"A pregnant woman who goes to the hospital seeking medical care has the right to expect that the hospital's first priority will be to provide her appropriate care," said Louise Melling, deputy legal director of the ACLU. "Medical decisions should not be hamstrung by religious directives."
The US District Court for the Northern District of Alabama entered a final judgment last week in United States v. Alabama, permanently prohibiting Alabama from enforcing seven provisions of HB 56, a severely restrictive anti-immigration law that affected all aspects of an undocumented immigrant's life.
"The law forced parents to uproot their sons and daughters from their home, and it punished immigrant children for exercising their constitutional right to go to school," said US Attorney Joyce White Vance who called the decision "a return to common-sense immigration law enforcement."
The provisions affected employment, education, transportation, and housing for undocumented immigrants. They required schools to verify the immigration status of newly enrolled K-12 students, criminalized giving a ride or renting to someone who is undocumented, criminalized failing to register one's immigration status, and criminalized the solicitation of work by unauthorized immigrants, among others.
The judgment of the District Court finalized a settlement reached between the parties. It follows an earlier ruling by the US Court of Appeals for the Eleventh Circuit to temporarily block the provisions because they unconstitutionally conflicted with federal immigration law.
Three separate lawsuits challenging HB 56 were filed shortly after the law passed. In addition to the challenge by the federal government, a group of church leaders filed suit as well as a coalition of civil rights groups, called the Hispanic Interest Coalition of Alabama, represented by the National Immigration Law Center, American Civil Liberties Union, Southern Poverty Law Center, and Mexican American Legal Defense and Education Fund.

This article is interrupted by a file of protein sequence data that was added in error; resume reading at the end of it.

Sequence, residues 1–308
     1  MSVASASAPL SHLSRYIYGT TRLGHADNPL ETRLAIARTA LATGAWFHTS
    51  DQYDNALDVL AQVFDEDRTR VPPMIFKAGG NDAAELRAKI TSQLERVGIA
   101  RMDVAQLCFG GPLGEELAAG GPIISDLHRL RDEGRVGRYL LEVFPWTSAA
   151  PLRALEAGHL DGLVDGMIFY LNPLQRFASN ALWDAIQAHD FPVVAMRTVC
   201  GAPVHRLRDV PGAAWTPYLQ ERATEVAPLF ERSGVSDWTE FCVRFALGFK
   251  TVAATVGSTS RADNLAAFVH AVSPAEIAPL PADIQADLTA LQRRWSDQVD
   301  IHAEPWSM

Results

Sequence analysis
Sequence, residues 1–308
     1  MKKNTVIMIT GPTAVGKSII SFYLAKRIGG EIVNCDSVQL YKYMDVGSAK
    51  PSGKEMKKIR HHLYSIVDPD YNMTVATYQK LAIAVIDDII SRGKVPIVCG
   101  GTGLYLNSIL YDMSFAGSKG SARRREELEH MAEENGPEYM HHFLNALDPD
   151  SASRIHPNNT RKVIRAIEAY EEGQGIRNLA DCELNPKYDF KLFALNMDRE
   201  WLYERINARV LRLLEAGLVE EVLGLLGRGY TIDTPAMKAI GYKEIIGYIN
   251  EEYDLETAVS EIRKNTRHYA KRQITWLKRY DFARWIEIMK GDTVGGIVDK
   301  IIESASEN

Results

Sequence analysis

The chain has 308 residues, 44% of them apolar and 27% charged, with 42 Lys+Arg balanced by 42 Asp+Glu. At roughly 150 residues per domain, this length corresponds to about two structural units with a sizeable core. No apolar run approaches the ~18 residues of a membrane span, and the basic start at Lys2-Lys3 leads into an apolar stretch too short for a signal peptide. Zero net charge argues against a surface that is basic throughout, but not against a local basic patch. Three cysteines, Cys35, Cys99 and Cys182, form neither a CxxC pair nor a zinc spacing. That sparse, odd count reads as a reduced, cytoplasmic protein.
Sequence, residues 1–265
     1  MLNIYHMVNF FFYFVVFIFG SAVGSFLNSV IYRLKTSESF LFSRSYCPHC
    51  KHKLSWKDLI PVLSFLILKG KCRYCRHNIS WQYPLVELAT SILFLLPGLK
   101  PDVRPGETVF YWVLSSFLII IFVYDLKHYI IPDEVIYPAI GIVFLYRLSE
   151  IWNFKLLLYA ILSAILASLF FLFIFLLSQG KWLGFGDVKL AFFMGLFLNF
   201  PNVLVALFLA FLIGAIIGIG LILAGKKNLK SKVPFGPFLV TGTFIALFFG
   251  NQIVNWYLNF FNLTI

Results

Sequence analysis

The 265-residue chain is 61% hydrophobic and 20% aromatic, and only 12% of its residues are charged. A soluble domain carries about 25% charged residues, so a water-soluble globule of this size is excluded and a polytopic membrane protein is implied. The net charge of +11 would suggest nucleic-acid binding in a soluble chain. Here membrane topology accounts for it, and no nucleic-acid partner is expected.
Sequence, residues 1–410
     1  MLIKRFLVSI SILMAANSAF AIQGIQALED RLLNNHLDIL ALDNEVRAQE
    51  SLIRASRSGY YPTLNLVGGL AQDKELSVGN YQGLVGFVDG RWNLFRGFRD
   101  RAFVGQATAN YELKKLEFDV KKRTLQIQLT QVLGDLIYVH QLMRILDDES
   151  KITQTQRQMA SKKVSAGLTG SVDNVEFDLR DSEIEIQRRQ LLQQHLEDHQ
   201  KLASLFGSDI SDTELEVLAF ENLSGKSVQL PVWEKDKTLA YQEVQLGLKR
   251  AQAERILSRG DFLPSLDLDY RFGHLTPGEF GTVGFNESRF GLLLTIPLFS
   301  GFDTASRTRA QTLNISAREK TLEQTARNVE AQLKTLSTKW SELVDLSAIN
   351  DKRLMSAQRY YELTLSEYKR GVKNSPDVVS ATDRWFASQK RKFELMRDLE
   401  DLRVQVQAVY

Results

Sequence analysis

12/3/2013 - President Obama Announces HIV Cure Initiative
US President Barack Obama announced the launch of The HIV Cure Initiative yesterday, a $100 million investment in National Institutes of Health (NIH) research into a cure to HIV/AIDS.
"The United States should be at the forefront of the discoveries into how to put HIV in long-term remission without requiring lifelong therapies," President Obama said at a White House event commemorating World AIDS Day. "Or, better yet, eliminate it completely."
The funds for the initiative will be drawn from existing resources and will be redirected from expiring AIDS research grants. The funds will focus on further developing research into a treatment that has appeared to cure several people of HIV, but has been too "toxic or premature to apply beyond the research setting."
Other high-priority AIDS research will continue to be supported alongside research for a cure, including treatment during pregnancy, and the effect of the interaction of factors like sex, race, and stigma on treatment. The US will also give five billion dollars to the Global Fund to Fight AIDS, Tuberculosis and Malaria over the next two years.
The US has been a world leader in funding prevention and treatment of HIV/AIDS, accounting for 64 percent of total international assistance to low- and middle- income countries. The President's Emergency Fund for AIDS Relief (PEPFAR) currently provides life-saving treatment for 6.7 million people. However, PEPFAR and other prevention programs have been held back by the influence of abstinence-based programs, frequent condom shortages in countries with high rates of those living with HIV/AIDS, and the lack of integration of family planning and HIV/AIDS services.
TAKE ACTION: Tell US leaders that HIV/AIDS treatment and prevention programs must be integrated with comprehensive sexual and reproductive health services including family planning services for women and girls.
12/2/2013 - Federal Court Blocks Indiana TRAP Law